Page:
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Bahrain union suspends general strike
By Simeon Kerr and Robin Wigglesworth in Manama
Published: March 22 2011 20:56 | Last updated: March 22 2011 20:56
Bahrain’s largest trade union has suspended a week-long general strike in a move that could help the country’s embattled economy, but the opposition said strikes could still be used to apply leverage over the government.
Sayed Salman, head of the General Federation of Bahrain Trade Unions, said he had received assurances that members would be protected – a key condition for returning to work.
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“We have been given guarantees about the workers’ safety,” he said.
The main Shia Muslim opposition group, Al-Wefaq, said that it was supporting the move to test whether people could feel safe enough to travel to and from places of business.
However, politicians stressed that strikes still remained an option for the opposition as they will test the willingness of the Sunni Muslim-led government, following its recent security crackdown, to engage in a real dialogue.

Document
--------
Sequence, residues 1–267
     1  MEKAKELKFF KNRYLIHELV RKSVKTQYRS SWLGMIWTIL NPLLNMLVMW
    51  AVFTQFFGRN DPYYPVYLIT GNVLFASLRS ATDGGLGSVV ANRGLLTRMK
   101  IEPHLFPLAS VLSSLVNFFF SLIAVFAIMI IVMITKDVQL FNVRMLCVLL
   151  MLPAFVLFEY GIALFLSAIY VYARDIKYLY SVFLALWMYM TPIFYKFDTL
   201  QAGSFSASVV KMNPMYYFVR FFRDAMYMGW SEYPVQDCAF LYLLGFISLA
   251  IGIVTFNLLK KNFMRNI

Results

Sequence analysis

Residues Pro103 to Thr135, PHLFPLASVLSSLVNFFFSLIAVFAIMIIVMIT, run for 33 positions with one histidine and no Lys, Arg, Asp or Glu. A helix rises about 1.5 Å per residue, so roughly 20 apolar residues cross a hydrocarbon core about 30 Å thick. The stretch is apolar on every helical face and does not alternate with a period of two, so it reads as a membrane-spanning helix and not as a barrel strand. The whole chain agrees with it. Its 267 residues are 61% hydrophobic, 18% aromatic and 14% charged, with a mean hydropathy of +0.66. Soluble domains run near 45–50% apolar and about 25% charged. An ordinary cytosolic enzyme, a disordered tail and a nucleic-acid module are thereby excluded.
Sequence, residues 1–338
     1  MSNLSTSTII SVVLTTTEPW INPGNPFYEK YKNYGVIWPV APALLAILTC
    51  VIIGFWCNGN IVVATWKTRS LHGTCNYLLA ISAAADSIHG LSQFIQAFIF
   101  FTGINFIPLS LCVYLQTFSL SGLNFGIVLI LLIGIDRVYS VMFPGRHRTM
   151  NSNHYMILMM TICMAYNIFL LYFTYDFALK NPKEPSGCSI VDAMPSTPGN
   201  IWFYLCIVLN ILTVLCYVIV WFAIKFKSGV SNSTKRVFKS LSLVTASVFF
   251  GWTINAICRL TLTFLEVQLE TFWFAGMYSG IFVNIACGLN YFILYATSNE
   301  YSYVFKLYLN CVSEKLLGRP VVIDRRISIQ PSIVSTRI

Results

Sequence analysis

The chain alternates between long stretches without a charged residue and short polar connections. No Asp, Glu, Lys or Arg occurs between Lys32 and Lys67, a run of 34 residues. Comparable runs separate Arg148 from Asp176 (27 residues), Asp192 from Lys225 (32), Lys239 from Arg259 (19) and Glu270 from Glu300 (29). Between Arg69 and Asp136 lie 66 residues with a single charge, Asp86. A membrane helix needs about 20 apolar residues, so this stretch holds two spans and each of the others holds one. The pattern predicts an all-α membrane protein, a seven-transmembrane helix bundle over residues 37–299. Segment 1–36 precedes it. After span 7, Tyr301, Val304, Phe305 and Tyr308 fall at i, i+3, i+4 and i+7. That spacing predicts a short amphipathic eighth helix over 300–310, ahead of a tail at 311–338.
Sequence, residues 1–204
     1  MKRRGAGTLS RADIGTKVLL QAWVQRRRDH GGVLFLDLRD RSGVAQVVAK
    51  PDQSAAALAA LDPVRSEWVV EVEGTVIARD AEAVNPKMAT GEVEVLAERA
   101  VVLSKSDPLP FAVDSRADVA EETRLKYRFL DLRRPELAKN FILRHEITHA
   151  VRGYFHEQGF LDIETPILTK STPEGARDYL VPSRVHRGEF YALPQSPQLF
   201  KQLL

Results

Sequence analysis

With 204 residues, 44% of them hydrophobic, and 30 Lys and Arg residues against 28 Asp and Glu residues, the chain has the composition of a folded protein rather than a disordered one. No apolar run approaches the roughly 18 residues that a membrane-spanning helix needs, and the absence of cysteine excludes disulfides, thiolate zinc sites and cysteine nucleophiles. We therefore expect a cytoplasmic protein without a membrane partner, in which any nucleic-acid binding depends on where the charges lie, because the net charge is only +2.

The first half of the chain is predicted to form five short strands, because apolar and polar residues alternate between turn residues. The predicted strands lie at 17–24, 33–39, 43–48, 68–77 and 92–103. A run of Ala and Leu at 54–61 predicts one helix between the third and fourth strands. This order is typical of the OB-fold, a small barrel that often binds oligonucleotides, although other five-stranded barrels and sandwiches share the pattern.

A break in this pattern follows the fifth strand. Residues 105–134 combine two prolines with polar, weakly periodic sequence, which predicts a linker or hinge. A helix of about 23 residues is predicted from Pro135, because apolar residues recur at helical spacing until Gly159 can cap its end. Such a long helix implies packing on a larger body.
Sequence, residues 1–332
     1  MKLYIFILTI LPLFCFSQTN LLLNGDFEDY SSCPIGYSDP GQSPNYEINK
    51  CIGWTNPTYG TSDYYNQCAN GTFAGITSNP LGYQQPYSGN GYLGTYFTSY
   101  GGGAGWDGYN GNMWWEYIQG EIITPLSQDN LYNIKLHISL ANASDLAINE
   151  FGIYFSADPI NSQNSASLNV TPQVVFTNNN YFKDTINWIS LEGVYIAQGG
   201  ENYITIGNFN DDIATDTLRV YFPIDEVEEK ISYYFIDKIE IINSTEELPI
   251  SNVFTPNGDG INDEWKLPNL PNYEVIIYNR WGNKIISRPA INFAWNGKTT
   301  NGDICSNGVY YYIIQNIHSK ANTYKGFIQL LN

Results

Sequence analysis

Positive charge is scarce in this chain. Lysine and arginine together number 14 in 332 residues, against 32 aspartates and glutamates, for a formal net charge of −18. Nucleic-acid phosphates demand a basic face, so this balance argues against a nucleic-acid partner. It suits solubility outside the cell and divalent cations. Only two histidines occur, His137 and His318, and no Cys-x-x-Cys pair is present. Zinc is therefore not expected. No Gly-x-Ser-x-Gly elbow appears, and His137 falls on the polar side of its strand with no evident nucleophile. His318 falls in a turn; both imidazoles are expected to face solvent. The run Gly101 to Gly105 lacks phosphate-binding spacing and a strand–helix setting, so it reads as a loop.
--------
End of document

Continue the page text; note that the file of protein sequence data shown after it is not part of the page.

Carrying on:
As more than a thousand mourners turned out in central Manama for the funeral of Bahia al-Aradi, the first female killed by security forces in years, the fear among the majority Shia community is still palpable.
Night-time raids on activists and doctors continue, according to human rights activists.
Since last week’s bloody crackdown, dozens of military and police checkpoints have been set up near government buildings in central Manama and elsewhere in the country.
Several Shia people have complained that they have been targeted by masked officers, with reports of arrests and beatings.
Ms al-Aradi, 51, died in her car from a gunshot wound to the head near a checkpoint, bringing to about 20 the number of people killed in the country’s recent unrest.
Economic pressure via strikes remains one of the opposition’s key pressure points on the government as the country tries to rebuild itself after the violence of the past few months.
“We prefer to reach a solution without violence and without strikes,” said Matar Ibrahim Matar, of Al-Wefaq. “But we need a solid and precise initiative for the political reform, a precise mechanism.”
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